We now utilise the approach of Lyapunov functions [57,58,59] in the analysis of the global asymptotic stability.
Theorem 4
If \(\mathcal{R}_{0} \leq 1\), the DFE is globally asymptotically stable (GAS) in \(\mathcal{G}\). If \(\mathcal{R}_{0} > 1\), the system is uniformly persistent.
Proof
Let \(\mathcal{Y}(t) = (I_{1},D_{1},W_{1},I_{2},D_{2},W_{2})\). Since
it follows that
where F and V are defined in (6). It is worth noting that F and \(V^{1}\) are nonnegative. By the Perron–Frobenius theorem [60], the nonnegative matrix \(V^{1}F\) has a nonnegative left eigenvector \(u \geq 0\) with respect to \(\rho (V^{1}F) = \rho (FV^{1}) = \mathcal{R}_{0}\), that is, \(u^{T}V^{1}F = \mathcal{R}_{0}u^{T}\). Motivated by [59], we consider the Lyapunov function
Differentiating \(\mathcal{L}\) along solutions of (3), we have
It can be easily verified that the largest invariant subset of \(\mathcal{G}\) where \(\dot{\mathcal{L}} = 0\) is the singleton \(\lbrace \mathcal{E}^{0} \rbrace \). Therefore, by LaSalle’s invariance principle [61], \(\mathcal{E}^{0}\) is globally asymptotically stable in \(\mathcal{G}\) when \(\mathcal{R}_{0} \leq 1\).
If \(\mathcal{R}_{0} > 1\), then, by continuity, \(\dot{\mathcal{L}} > 0\) in a neighbourhood of \(\mathcal{E}^{0}\) in the interior of \(\mathcal{G}\). Solutions in the interior of \(\mathcal{G}\) sufficiently close to \(\mathcal{E}^{0}\) move away from the DFE, implying that the DFE is unstable. This completes the proof. □
The result in Theorem 4 shows that \(\mathcal{R}_{0} = 1\) is a sharp threshold for disease dynamics: the disease will die out when \(\mathcal{R}_{0} \leq 1\), whereas the disease will persist when \(\mathcal{R}_{0} > 1\). We now investigate uniform persistence; we claim the following result.
Theorem 5
If \(\mathcal{R}_{0} > 1\), system (3) is uniformly persistent, namely, there exists a constant \(\zeta > 0\) such that
where ζ is independent of the initial data in \(\mathcal{G}\).
Proof
We prove that system (3) is uniformly persistent with respect to \((X_{0},\partial X_{0})\), where
By the form of (3), it is very easy to see that both X and \(X_{0}\) are positively invariant and \(\partial X_{0}\) is relatively closed in X. Furthermore, system (3) is point dissipative. Let
We now show that
It is worth noting that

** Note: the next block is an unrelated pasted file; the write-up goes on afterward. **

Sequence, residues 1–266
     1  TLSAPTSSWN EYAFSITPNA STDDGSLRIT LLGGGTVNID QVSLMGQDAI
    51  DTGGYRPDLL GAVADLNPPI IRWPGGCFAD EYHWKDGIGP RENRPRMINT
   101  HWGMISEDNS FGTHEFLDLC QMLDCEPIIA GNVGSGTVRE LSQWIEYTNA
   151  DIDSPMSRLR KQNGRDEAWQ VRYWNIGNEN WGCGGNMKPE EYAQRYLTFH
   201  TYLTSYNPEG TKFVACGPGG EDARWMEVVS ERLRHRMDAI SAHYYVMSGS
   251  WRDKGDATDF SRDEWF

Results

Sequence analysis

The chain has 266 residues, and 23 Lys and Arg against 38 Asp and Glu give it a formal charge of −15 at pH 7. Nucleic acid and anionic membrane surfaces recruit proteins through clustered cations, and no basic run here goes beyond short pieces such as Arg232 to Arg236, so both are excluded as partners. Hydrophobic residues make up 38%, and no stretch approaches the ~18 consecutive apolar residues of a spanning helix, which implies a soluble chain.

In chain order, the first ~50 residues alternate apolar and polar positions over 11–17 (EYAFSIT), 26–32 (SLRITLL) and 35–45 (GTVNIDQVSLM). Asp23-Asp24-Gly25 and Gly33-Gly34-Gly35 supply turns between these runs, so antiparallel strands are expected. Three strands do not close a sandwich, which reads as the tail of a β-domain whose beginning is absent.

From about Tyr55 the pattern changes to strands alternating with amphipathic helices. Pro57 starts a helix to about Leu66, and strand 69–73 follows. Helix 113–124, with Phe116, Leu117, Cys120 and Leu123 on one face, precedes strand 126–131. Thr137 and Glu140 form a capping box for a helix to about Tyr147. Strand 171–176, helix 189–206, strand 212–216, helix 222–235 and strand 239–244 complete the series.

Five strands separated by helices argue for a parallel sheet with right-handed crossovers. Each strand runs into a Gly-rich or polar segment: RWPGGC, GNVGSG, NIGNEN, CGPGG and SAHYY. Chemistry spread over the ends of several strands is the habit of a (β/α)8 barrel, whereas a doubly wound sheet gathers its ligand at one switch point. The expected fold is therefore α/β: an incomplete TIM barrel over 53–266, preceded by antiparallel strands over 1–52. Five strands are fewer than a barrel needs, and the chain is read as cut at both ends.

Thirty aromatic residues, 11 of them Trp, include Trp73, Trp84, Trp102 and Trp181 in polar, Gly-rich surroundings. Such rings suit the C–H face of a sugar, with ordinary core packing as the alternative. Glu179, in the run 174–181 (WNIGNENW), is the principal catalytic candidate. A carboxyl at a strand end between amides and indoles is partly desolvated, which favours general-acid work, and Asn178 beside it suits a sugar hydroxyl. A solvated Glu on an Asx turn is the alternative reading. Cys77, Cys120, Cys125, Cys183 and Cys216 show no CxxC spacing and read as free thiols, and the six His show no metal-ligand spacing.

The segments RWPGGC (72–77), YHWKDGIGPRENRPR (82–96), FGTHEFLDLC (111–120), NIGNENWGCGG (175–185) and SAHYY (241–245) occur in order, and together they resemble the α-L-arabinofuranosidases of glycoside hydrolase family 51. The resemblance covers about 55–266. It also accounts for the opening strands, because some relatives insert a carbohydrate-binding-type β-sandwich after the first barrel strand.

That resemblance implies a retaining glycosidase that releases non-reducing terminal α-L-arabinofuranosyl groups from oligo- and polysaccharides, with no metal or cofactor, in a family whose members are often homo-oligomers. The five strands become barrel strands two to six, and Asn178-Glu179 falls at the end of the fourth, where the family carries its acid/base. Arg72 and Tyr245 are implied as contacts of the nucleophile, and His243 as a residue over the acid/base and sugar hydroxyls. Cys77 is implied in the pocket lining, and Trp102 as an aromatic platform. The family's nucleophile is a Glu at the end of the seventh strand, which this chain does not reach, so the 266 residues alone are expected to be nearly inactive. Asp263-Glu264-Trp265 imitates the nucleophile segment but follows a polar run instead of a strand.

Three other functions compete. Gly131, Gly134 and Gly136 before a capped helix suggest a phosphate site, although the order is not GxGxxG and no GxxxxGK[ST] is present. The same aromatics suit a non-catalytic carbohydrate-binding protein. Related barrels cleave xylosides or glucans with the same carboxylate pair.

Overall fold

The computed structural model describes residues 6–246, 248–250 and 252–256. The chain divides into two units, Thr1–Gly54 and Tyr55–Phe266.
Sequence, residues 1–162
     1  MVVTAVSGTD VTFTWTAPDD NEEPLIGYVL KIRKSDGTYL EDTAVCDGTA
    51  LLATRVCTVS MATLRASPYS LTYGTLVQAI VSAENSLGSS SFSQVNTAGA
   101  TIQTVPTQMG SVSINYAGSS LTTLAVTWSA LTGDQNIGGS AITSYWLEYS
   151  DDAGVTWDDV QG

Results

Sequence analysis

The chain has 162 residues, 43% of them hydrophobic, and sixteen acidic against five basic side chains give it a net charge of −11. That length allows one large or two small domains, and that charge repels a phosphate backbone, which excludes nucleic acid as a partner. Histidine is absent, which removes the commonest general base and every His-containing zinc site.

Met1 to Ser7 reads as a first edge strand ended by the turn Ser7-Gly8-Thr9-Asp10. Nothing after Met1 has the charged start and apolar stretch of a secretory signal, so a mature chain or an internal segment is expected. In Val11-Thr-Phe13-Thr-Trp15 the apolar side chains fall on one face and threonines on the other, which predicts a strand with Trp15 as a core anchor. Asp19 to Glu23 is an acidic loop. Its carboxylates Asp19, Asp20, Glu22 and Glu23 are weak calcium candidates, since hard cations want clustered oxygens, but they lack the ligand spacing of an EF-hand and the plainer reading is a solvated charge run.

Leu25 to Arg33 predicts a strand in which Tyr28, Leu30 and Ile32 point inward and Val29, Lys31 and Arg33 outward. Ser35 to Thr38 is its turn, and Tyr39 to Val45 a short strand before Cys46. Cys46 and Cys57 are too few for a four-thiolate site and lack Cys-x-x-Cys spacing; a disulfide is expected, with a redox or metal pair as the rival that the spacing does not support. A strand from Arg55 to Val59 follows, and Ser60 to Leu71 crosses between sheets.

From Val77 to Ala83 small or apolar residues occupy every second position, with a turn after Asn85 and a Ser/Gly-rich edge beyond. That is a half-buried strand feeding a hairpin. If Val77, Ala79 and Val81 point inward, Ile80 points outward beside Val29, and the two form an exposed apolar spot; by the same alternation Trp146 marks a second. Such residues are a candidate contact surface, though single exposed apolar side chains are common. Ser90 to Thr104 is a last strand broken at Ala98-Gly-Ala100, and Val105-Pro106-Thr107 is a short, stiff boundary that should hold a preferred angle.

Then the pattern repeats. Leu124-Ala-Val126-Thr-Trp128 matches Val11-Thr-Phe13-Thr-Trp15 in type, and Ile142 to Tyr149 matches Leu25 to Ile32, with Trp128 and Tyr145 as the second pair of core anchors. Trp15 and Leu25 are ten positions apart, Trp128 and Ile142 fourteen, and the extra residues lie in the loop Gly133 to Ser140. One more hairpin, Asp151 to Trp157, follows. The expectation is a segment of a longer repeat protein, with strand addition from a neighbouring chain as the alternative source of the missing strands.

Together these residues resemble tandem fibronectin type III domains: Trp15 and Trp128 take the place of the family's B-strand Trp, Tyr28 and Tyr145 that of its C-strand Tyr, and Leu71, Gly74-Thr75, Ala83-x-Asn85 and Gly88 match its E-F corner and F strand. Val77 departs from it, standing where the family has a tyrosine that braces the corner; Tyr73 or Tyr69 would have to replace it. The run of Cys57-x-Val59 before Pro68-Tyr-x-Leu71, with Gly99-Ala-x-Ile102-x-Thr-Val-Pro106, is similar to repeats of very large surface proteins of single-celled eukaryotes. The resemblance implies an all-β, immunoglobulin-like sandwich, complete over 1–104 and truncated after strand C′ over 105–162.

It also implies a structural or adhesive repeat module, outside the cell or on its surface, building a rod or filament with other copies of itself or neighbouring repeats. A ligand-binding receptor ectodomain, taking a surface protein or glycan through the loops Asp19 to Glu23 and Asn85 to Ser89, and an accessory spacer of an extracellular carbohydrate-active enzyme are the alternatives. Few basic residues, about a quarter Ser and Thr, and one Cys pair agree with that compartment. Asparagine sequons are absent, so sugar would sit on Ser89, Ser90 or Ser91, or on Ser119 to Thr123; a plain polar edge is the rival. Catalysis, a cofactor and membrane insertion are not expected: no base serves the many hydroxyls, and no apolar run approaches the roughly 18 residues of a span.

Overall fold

so we only need to prove
Assume \(\lbrace (S_{i}(0),I_{i}(0),D_{i}(0),W_{i}(0)) \rbrace \in M _{\partial }\), for \(i=1,2\). It suffices to show that
Suppose not, then there exist an \(i_{0}\), \(i_{0}=2\) and \(t_{0} \geq 0\) such that
without loss of generality, assume
then we have
It follows that there is an \(\eta > 0\) such that \(W_{2}(t) > 0\), for \(t_{0} < t < t_{0} + \eta \). This means that
does not belong to \(\partial X_{0}\), \(i =1,2\) for \(t_{0} < t < t_{0} + \eta \), which contradicts the assumption that
Thus (15) holds.
It is worth noting that \(\mathcal{E}^{0}\) is globally stable for system (3). It is clear that there is only an equilibria \(\mathcal{E}^{0}\) in \(M_{\partial }\), by the aforementioned claim, it then follows that \(\mathcal{E}^{0}\) is an isolated invariant set in X, \(W^{S}(\mathcal{E}^{0}) \cap X_{0} = \emptyset \). Clearly, every orbit in \(M_{\partial }\) converges to \(\mathcal{E}^{0}\), \(\mathcal{E} ^{0}\) is acyclic in \(M_{\partial }\). Using Theorem 4.6 in Thieme [62], we conclude that system (3) in uniformly persistent with respect to \((X_{0},\partial X_{0})\).
By the result of [63,64,65], system (3) has an equilibrium \(\mathcal{E}^{*} = (\overline{S}_{i},\overline{I}_{i}, \overline{D}_{i},\overline{W}_{i}) \in X_{0}\), \(i=1,2\). We further claim that \(\overline{S}_{i} > 0\), \(i=1,2\). Suppose that \(\overline{S}_{i} = 0\), \(i=1,2\), from the second equation of (3), we can get \(\overline{I}_{i} = \overline{D}_{i} = \overline{W}_{i} = 0\), \(i=1,2\). It is a contradiction. Then \((\overline{S}_{i},\overline{I}_{i}, \overline{D}_{i},\overline{W}_{i}, i=1,2)\), is a componentwise positive equilibrium of system (3). The proof is complete. □
Existence of equilibria
System (3) has one diseasefree equilibrium, \(\mathcal{E} ^{0} = (S_{1}^{0},0,0,0,S_{2}^{0},0,0,0)\) and three endemic equilibria of the forms \(\mathcal{E}^{*}_{1} = (S_{1}^{*},I_{1}^{*},D_{1}^{*},W _{1}^{*},S_{2}^{*},0,0,0)\), \(\mathcal{E}^{*}_{2} = (S_{1}^{**},0,0,0,S _{2}^{**},I_{1}^{**},D_{1}^{**},W_{1}^{**})\) and \(\mathcal{E}^{*} = ( \overline{S}_{1},\overline{I}_{1},\overline{D}_{1},\overline{W}_{1}, \overline{S}_{2},\overline{I}_{2},\overline{D}_{2},\overline{W}_{2})\), corresponding respectively to states where the disease persists in the first subpopulation and dies out in the second subpopulation, the disease persists in the second subpopulation and disappears in the first subpopulation, and when the disease persists in the two subpopulations.
The first boundary equilibrium
The patch1 system is obtained by making \(I_{2} = D_{2} = W_{2} = 0\), and it is given by
Let \(\mathcal{E}^{*}_{1} = (S_{1}^{*},I_{1}^{*},D_{1}^{*},W_{1}^{*},S _{2}^{*},0,0,0)\) be the first boundary endemic equilibrium with \(I_{1},D_{1}, W_{1} > 0\). Then the endemic equilibrium \(\mathcal{E} ^{*}_{1}\) can be obtained by setting to zero the right hand side of Eqs. (21), giving
It is straightforward to prove that, when \(\mathcal{R}_{1} > 1\) and \(\mathcal{R}_{2} \leq 1\), system (3) has exactly one nontrivial boundary endemic equilibrium \(\mathcal{E}^{*}_{1} = (S _{1}^{*},I_{1}^{*},D_{1}^{*},W_{1}^{*},S_{2}^{*},0,0,0)\) where \(S_{1} ^{*}\), \(I_{1}^{*}\), \(D_{1}^{*}\), \(W_{1}^{*}\), \(S_{2}^{*}\) are given by